And so it’s time for us, as a province, to understand that the federal government is going to continue to shift the sands beneath our feet, but to chart our own course. And we’re doing some work on that as we speak. We most certainly are going to be communicating some of the results of that work to folks across this province, including folks in the traditional areas that generate power for us in the months ahead.

We need to preserve our opportunity to have accessible, affordable power in this province. The federal plan is unachievable, and most certainly, even attempting to abide by the federal plan is not going to keep our rates affordable in this province, or a number of other provinces, I might add. And so, we’re going to chart our own course and use the tools that we have available to do so.

Pipeline Online: 

Do you think that’s $247 and then that $294 he references, do you think that maybe where the federal government is aiming for the carbon tax?

Scott Moe: 

I will I think it’s possible that’s why they’re floating these dollar figures out. And again, when it comes to taking this federal coalition at their word, again, this is a government (that), back in the day when I was an environment minister, openly committed that the carbon tax would never go above $50 a tonne. It’s simply, as now been announced, they broke that commitment that they’re moving towards $170 a tonne, actually breaking out of that commitment officially this year, moving to $65 above the $50 benchmark. And now floating it out that they may go as high as #250 or $300 a tonne at some point in the future.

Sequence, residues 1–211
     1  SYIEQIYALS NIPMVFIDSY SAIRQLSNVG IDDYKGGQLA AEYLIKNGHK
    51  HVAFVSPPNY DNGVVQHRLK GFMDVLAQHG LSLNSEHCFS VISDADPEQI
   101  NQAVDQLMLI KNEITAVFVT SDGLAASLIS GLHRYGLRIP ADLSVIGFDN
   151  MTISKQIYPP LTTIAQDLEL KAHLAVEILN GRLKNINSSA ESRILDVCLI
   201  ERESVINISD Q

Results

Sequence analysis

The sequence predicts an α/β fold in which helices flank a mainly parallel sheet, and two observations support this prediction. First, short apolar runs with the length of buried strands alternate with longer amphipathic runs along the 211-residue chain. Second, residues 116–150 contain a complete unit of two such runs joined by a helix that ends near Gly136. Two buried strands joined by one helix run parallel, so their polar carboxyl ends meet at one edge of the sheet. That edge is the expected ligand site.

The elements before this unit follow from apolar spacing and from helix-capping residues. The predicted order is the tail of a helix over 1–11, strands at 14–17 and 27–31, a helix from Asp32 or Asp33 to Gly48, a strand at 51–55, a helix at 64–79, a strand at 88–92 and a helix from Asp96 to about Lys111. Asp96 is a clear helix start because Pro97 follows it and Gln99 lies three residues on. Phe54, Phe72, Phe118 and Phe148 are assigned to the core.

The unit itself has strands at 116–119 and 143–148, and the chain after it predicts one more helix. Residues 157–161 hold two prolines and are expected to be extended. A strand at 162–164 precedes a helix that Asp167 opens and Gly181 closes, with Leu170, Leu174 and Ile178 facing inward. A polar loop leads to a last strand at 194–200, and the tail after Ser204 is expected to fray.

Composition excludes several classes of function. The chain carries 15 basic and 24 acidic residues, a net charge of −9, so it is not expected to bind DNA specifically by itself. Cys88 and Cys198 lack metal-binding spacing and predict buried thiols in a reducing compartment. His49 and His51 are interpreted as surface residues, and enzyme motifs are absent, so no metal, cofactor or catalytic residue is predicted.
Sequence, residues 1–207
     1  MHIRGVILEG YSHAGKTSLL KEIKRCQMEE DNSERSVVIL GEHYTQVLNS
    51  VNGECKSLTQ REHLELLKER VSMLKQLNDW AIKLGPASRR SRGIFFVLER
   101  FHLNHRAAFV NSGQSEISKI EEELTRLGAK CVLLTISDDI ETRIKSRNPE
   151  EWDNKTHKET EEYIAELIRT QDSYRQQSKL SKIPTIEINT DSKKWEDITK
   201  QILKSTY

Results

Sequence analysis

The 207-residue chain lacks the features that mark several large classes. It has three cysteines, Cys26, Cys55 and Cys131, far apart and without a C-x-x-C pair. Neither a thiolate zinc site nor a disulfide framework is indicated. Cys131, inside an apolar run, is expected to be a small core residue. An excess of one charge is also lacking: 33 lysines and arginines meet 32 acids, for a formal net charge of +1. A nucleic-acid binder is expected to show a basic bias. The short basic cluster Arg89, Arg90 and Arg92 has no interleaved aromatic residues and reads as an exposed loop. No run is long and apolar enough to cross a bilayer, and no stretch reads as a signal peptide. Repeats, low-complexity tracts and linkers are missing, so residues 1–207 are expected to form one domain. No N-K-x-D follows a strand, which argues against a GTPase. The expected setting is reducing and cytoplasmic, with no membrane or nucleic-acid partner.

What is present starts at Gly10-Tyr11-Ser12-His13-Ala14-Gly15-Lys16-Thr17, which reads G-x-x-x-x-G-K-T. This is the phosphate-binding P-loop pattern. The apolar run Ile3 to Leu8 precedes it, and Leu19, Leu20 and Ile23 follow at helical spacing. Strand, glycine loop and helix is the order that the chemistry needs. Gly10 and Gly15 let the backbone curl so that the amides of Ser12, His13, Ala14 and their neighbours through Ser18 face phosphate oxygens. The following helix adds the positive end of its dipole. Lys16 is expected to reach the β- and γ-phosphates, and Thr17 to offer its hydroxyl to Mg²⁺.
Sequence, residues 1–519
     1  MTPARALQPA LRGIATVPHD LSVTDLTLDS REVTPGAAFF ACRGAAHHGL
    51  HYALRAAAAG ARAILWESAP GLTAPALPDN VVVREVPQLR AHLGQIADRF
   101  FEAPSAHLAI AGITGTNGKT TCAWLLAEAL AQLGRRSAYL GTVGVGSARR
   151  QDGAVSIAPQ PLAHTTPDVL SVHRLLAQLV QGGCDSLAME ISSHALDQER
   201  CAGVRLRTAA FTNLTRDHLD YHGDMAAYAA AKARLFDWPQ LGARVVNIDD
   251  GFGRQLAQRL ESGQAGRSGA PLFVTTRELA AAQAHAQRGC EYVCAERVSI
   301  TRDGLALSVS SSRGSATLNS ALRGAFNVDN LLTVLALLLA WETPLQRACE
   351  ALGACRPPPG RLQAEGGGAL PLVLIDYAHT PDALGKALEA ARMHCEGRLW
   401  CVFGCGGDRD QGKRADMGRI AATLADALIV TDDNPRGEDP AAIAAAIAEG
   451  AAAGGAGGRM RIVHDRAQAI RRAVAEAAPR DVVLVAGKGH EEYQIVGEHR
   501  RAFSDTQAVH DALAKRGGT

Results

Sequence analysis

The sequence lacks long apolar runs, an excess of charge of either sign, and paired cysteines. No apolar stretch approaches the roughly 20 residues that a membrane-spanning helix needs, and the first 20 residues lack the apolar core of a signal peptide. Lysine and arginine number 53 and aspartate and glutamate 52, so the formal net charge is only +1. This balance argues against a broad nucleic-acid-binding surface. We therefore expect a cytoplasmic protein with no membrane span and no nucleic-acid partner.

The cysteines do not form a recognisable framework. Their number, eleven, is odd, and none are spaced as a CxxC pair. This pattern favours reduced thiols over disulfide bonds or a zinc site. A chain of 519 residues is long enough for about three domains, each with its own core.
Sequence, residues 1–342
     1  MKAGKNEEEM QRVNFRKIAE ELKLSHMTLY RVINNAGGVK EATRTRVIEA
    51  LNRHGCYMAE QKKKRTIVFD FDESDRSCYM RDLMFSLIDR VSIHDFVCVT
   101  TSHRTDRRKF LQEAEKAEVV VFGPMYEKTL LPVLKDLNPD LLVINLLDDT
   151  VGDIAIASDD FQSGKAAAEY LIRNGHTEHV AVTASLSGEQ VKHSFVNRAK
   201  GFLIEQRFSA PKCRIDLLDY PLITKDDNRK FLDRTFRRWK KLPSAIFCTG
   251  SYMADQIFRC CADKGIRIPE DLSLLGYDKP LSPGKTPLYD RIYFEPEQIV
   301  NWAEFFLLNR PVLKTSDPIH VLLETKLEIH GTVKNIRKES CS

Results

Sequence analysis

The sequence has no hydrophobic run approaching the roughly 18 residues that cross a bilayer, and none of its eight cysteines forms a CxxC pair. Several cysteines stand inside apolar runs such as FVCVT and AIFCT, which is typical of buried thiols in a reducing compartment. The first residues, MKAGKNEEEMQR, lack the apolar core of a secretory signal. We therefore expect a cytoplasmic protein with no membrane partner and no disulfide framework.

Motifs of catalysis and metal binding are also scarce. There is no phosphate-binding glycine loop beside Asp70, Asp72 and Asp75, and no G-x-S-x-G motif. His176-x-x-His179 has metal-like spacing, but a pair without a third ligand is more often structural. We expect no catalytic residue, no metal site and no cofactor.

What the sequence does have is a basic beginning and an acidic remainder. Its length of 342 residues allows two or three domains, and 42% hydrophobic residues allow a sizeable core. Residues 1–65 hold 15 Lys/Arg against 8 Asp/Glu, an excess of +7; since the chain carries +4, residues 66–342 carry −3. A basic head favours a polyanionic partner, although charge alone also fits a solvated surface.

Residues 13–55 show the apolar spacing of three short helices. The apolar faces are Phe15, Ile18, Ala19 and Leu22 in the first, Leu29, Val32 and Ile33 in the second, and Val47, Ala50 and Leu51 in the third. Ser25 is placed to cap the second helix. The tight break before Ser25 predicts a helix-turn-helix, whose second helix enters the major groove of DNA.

You’ll also remember the commitment and the scenario that was taken right to the Supreme Court of Canada and the federal government’s defense of this is ineffective policy was that ‘This is the tool.’

They were not going to use regulations alongside the carbon taxation. They were going to use carbon taxation as a tool to reduce emissions. Well, it hasn’t reduced emissions. Emissions continue to climb, albeit at a slower rate. And that is not due to the carbon tax. That is due to innovation in our industries, much of that innovation in Saskatchewan.

But the federal government has now introduced, alongside the carbon tax, a number of regulations in which they said they wouldn’t do that are having an equally harmful impact on industries that are creating wealth, not just in this province, but across the nation.

And really, when you look at what this government committed to – doing a carbon tax to $50 and not doing other regulations, and you look at what they’re doing – taking that carbon tax far beyond $50, is now suggesting it would go five times that amount, and introducing regulation after regulation after regulation, including fuel standards, Clean Electricity Standards, caps on oil and gas emissions and production, potentially discussing a 30 per cent reduction in fertilizer usage across this nation.

We are putting at risk our energy security, and could potentially put at risk our food security in this nation. And that’s something simply that the government of Saskatchewan is not going to partake in.

We are in the midst of this environment of shifting sands. We’re going to chart a course. As I said, we’re going to communicate that course in the very near future, and where you’re going to draw a line in the sand as to what the what impact the federal government is ultimately going to have on the people in this province, when it comes to us securing our energy future and securing our access to food future.